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Should I send DS back to school?

(37 Posts)
ShowOfHands Thu 04-Jun-20 18:14:55

We have to let the school know if I want DS to go back to school. His Dad is a keyworker so we are being offered a place. He is y3 so his class are not returning yet, unless they have a keyworker parent.

I'm not worried about covid, DH is at work as normal with no PPE and working with the public on a daily basis. That ship has sailed and we are all in good health with no risk factors. I want to know if it's better for him to go back without his friends and do the same learning at school as he would at home or if the strangeness wouldn't be worth it. My y8 dd isn't able to go back yet so it will just be him going.

He doesn't miss school if that makes any difference. 13yo dd would be back like a shot and I wouldn't even have to ask on MN. She's desperate to go back.

I'm not sure if it would benefit him.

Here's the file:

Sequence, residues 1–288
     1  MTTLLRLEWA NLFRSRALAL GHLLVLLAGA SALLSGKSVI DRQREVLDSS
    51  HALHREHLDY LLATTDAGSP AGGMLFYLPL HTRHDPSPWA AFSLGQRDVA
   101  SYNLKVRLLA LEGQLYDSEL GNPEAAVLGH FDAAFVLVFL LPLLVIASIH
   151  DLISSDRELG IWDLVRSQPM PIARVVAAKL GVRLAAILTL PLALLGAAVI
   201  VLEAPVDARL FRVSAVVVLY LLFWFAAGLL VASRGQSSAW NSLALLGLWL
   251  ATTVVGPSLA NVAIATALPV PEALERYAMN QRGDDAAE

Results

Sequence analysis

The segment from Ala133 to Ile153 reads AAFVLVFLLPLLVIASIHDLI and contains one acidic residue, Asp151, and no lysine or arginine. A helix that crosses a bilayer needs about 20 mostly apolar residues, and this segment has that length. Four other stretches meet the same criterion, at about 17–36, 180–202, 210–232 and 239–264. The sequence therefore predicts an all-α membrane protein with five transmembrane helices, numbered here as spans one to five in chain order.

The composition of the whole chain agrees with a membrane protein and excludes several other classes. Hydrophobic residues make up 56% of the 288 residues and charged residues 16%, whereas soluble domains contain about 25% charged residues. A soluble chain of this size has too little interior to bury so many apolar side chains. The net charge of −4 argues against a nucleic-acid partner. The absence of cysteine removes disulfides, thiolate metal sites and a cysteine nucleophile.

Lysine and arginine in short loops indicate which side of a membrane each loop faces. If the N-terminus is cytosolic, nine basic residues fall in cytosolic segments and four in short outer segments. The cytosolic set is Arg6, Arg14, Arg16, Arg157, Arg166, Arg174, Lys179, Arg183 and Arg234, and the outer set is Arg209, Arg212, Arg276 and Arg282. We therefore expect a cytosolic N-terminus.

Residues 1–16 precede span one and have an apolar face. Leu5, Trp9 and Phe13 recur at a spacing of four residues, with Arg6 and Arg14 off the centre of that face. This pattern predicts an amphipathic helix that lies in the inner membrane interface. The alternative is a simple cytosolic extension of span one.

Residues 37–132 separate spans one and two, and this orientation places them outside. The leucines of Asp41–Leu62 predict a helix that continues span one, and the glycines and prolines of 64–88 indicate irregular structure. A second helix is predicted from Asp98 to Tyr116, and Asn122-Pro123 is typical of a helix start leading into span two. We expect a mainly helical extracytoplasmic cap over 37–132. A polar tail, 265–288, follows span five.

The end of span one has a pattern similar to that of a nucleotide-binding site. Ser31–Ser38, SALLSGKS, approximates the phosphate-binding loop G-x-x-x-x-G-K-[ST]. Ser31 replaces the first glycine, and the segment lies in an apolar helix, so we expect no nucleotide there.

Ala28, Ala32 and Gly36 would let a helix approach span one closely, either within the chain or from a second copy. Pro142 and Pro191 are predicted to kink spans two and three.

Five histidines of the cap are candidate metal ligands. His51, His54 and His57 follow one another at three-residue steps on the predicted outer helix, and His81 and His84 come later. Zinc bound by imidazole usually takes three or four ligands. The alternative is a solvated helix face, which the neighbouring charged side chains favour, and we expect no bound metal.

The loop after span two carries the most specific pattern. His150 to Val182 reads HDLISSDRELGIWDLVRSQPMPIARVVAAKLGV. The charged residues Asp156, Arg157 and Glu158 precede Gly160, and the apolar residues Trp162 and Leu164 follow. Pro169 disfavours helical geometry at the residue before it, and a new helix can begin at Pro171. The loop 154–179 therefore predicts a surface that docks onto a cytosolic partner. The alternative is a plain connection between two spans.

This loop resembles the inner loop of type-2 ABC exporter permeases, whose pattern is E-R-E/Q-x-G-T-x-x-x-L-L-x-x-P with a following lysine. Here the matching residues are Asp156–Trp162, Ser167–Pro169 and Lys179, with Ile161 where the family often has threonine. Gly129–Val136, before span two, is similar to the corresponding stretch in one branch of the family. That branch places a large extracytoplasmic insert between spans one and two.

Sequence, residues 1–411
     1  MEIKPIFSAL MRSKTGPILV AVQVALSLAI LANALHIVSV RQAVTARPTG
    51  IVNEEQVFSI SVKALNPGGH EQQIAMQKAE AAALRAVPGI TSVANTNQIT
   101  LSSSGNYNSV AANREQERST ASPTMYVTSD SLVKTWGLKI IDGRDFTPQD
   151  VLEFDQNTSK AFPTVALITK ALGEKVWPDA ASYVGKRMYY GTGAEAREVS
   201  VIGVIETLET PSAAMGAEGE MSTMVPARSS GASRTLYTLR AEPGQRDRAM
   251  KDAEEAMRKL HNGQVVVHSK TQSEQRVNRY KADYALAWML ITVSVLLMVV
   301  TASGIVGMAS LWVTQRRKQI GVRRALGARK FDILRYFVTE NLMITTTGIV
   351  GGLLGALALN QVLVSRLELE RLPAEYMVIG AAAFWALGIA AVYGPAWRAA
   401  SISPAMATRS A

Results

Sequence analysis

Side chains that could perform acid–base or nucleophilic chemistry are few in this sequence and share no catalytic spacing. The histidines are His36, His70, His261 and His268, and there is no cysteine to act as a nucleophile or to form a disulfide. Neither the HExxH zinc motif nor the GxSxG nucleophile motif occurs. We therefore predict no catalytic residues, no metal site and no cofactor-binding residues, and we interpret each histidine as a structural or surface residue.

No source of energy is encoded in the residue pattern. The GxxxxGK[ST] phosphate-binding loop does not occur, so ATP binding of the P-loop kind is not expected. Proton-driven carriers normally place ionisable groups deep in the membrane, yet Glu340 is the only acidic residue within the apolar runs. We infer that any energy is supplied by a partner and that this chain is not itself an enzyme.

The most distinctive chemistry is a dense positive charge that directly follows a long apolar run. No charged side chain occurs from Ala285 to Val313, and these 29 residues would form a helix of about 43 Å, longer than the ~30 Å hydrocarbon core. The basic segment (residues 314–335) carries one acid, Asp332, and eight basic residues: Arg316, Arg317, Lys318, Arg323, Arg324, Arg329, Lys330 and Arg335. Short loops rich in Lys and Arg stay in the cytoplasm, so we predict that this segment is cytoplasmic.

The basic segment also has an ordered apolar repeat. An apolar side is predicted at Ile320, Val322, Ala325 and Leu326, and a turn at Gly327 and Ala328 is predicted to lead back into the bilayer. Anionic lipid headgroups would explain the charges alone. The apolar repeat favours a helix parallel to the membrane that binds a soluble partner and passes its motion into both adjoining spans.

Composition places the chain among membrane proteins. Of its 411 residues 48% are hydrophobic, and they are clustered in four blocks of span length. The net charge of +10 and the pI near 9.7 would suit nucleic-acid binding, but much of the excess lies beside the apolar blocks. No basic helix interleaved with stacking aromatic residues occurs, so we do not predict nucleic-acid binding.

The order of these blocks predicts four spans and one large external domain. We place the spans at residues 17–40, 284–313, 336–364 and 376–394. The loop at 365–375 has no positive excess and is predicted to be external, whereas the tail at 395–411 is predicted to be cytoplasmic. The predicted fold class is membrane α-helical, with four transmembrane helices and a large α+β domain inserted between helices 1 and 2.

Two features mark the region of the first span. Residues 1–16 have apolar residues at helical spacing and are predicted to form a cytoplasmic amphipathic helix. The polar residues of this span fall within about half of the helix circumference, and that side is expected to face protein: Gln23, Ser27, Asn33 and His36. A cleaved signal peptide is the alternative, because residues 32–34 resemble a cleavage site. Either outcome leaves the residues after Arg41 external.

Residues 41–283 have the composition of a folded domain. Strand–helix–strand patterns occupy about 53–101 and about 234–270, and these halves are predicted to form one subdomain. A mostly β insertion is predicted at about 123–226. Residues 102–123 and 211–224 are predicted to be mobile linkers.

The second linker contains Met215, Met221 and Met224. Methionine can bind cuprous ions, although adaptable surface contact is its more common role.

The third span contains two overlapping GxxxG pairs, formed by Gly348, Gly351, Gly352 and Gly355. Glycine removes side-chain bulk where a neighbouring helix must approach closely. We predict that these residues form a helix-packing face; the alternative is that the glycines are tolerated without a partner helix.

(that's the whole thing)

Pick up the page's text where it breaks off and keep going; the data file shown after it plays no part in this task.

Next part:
So, not would you send your dc back, but should I send DS back? I'm furloughed so no childcare issues.

What is best for DS?

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upthewolves Thu 04-Jun-20 18:19:14

I think it completely depends on the measures the school has in place .

My DD is back and loves it. But our school aren't enforcing social distancing within bubbles so there is no strangeness other than a smaller group and different teacher.

Drivingdownthe101 Thu 04-Jun-20 18:20:33

My year 1 has gone back today and had a great time. She loves school though.
I think only you can say whether it will benefit your DS or not.

Pinkblueberry Thu 04-Jun-20 18:22:10

If you’re furloughed then no. I’m surprised they offered you a place based on just your DH being a key worker and you not being in work at all - it’s emergency childcare. You don’t need it.

ShowOfHands Thu 04-Jun-20 18:24:52

The letter only says that they will have safe bubbles of 12 children. No details but presumably they will only be allowed near their bubble.

I've asked him - phrased as a theoretical question - about going back to school and all he wants to know is if his friends would be there (they wouldn't).